“What is key though, and what drives health recommendations is the weight of evidence on a particular topic—what all the results as a whole point to. The research process is like placing stones on an old fashioned balance scale. When enough weight accumulates on one side, the scale tips in favor of a particular recommendation. And the more weight there is on one side, the stronger the recommendation is and the more evidence it would take to change it,” says Harvard School of Public Health medical professionals.

“To carry this analogy further, the scale’s likelihood of tipping reflects not only the number of stones placed on one scale, but also the size of those stones. Bigger stones will make the scale tip faster than smaller ones. Likewise, big, well-designed studies tend to play a more important role in establishing a relationship—and in shaping health recommendations—than smaller, less-well-designed studies”.

Tips to Understand and Interpret Meno-News

Interpreting scientific studies is a difficult task that can be frustrating and complicated. The most important part is to remember the big picture. When you hear particularly astounding results from the media, keep these questions in mind:

  • Are they simply reporting the results of a single study? If so, where does it fit in with other studies on the topic? Only very rarely would a single study be influential enough for people to change their behaviors based on the results.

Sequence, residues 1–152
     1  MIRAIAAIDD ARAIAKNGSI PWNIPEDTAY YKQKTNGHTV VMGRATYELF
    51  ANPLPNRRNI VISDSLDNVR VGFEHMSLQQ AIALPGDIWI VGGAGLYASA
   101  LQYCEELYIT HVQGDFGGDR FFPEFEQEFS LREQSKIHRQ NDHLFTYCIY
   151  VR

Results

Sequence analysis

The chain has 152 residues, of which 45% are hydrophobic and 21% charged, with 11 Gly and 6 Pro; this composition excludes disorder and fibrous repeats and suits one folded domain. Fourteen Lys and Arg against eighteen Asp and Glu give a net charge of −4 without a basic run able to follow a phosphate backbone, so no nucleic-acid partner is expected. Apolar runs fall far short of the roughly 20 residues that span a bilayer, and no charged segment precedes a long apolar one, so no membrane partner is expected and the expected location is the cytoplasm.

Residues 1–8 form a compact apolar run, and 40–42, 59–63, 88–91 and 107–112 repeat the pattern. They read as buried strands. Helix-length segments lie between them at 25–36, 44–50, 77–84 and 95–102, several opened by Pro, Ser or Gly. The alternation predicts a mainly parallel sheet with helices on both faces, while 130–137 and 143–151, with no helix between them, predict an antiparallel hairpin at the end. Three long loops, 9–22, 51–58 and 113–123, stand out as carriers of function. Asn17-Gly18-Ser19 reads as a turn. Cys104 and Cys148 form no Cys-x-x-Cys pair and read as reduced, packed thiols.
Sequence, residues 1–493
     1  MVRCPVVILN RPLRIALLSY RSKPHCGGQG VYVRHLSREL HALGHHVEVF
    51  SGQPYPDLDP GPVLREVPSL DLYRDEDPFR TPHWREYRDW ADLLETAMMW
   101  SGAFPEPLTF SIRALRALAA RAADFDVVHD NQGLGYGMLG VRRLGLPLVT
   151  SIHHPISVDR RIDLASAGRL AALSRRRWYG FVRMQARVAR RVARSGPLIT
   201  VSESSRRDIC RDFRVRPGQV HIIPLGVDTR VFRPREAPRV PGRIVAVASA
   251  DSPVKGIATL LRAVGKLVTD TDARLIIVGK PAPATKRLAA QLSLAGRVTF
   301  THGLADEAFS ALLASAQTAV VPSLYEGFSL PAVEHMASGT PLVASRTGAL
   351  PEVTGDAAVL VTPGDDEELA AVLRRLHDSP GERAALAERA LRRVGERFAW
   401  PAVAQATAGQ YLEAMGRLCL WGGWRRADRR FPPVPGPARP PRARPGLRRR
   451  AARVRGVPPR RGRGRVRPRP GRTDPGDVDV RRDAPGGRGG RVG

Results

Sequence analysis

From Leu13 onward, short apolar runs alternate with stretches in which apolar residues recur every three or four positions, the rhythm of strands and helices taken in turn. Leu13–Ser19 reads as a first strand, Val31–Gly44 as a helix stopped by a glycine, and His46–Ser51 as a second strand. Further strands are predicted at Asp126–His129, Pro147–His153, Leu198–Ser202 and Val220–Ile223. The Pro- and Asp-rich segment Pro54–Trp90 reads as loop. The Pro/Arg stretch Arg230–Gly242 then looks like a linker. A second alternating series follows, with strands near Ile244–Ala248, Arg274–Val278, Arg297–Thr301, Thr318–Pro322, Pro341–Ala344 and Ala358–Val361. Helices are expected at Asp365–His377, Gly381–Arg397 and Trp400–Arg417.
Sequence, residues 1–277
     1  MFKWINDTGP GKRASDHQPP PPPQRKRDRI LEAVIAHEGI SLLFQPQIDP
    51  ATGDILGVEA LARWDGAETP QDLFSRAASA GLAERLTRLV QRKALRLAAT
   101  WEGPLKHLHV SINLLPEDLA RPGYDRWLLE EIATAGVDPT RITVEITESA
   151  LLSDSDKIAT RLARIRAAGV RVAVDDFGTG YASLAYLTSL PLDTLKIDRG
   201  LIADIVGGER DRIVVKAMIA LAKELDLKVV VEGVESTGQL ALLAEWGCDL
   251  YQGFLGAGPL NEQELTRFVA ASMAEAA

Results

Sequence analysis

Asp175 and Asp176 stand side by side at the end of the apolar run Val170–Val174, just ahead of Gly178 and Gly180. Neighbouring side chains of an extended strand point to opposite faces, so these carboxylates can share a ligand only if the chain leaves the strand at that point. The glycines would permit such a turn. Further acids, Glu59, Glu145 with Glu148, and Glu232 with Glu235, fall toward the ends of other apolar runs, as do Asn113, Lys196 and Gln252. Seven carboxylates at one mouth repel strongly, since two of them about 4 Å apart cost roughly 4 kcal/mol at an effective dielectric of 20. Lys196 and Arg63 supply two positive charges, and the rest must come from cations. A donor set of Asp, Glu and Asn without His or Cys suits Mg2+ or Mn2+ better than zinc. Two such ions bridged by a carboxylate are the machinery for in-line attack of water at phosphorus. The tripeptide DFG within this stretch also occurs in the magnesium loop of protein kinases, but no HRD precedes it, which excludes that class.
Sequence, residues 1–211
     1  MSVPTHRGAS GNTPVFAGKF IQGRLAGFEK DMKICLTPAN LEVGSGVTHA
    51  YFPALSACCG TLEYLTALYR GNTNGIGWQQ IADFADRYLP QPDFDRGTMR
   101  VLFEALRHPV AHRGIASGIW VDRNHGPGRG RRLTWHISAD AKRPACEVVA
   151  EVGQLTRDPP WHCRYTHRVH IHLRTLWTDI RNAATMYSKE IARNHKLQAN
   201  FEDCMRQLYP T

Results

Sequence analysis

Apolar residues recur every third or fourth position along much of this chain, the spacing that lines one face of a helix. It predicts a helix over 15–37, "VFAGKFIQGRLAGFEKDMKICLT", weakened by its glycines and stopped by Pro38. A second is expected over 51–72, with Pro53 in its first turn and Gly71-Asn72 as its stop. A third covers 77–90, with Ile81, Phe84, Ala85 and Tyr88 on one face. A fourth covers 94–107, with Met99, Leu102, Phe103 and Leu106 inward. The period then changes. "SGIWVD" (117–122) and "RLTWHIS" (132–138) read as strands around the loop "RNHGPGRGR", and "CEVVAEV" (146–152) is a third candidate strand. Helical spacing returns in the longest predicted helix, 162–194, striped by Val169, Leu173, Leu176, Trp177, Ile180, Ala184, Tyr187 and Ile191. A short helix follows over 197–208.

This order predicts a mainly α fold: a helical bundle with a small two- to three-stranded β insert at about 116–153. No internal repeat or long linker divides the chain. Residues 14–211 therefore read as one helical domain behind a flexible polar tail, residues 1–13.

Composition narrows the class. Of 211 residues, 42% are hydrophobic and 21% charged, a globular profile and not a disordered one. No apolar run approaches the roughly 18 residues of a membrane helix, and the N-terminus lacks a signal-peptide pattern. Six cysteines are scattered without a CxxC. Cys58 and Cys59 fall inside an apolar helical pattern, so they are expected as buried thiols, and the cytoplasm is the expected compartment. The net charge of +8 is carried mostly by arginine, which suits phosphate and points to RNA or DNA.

• How large is the study? Large studies often provide more reliable results than small studies.
  • Did the study look at real disease endpoints, like heart disease or osteoporosis? Chronic diseases, like heart disease and osteoporosis often take many decades to develop. To get around waiting that long, researchers will sometimes look at markers for these diseases, like narrowing of the arteries or bone density. These markers, though don’t always develop into the disease.

-from Harvard School of Public Health

Also keep in mind, menopause research is not an “exact science”. The body is a complex biological system that scientific research tries to make sense of. Many groups of scientists studying related topics can often publish contradictory reports despite good research techniques. It happens! Don’t get lost in the flip-flop.

Rethinking Menopause

Your physician should describe research findings in detail and offer you guidance on the use of hormone therapy. Making an informed decision about hormone therapy can be an extremely challenging feat for women. It’s quite necessary for women to have a thorough understanding regarding the risks and benefits of hormone therapy and discuss this with their doctors based upon research outcomes. Your doctor should also discuss alternative therapies and advise you of health screenings you should have at menopause.

And, remember, even the top experts in the menopause field still don’t have many of the answers to questions about hormone therapy. At present, the Food and Drug Administration suggests that women who want to use hormone therapy to control troublesome symptoms such as hot flashes and vaginal dryness, use the lowest effective dose for the shortest time.